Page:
CDU, CSU and People’s Party: election campaign apps revealed personal data


After a software developer found glaring security gaps in a CDU app for the doorstep election campaign, not only was the app taken offline, but two other applications from other parties. Those responsible for the CDU application called Connect had admitted on Twitter on Wednesday that they had been made aware of the loophole by Lilith Wittmann. It had become necessary to “take the app off the server as a precaution”. Wittmann then discovered that an identical app was also being used by the CSU and the People’s Party that ruled Austria. Both were only taken offline afterwards.

How among other things, the mirror reports, the “CDU connect app” – and thus also the other two – are applications for party campaigners. They should use it to record where they already rang the bell during the election campaign and what they discussed there. Accordingly, gamification elements are also included, which are intended to increase motivation when flicking the front doors. Wittmann is loud a detailed blog entry attention was drawn to the application on Tuesday and gaps were quickly found. Those responsible for the app had previously assured on Twitter that it would not collect any personal data.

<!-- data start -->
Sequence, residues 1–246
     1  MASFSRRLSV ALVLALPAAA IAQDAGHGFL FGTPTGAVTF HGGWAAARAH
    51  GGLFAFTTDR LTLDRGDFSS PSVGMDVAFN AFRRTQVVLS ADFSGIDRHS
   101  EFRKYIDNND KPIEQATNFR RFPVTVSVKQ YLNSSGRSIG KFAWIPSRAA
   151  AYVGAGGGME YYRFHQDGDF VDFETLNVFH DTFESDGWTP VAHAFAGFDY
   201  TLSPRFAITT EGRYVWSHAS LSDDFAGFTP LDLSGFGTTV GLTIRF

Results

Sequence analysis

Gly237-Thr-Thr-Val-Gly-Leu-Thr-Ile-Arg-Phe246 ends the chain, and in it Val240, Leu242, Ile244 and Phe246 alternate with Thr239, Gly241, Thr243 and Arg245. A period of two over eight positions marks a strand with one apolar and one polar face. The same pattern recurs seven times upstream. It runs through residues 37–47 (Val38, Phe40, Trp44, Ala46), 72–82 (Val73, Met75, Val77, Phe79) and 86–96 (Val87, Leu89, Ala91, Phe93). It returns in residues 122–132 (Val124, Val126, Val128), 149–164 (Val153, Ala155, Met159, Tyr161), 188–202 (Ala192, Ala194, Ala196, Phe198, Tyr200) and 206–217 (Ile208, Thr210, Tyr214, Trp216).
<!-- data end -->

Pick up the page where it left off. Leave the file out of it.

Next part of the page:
Because the app did not use common security measures such as certificate spinning, Wittmann was able to view a lot of data on the associated server. This included over 18,000 data records on election campaigners who used the app, as well as over 1,300 data records on recorded supporters. Although there was no personal data on the people visited at the front door, the anonymized data and the visible content of the conversation made it possible to infer some of them with certainty. Wittmann then reportedly informed the CERT Association and Berlin’s data protection officer.

On Wednesday, the apps for Android and iOS were then taken offline and those responsible have those affected by election campaigners informed about the security vulnerability. Although it has been open for years, it is assumed that no one except Wittmann had access. Meanwhile, the developer researched the app’s development company and noticed that it was also used by the CSU and Austria’s People’s Party. But it was not taken offline at the same time, criticized Wittmann with clear words. That only happened this Thursday.


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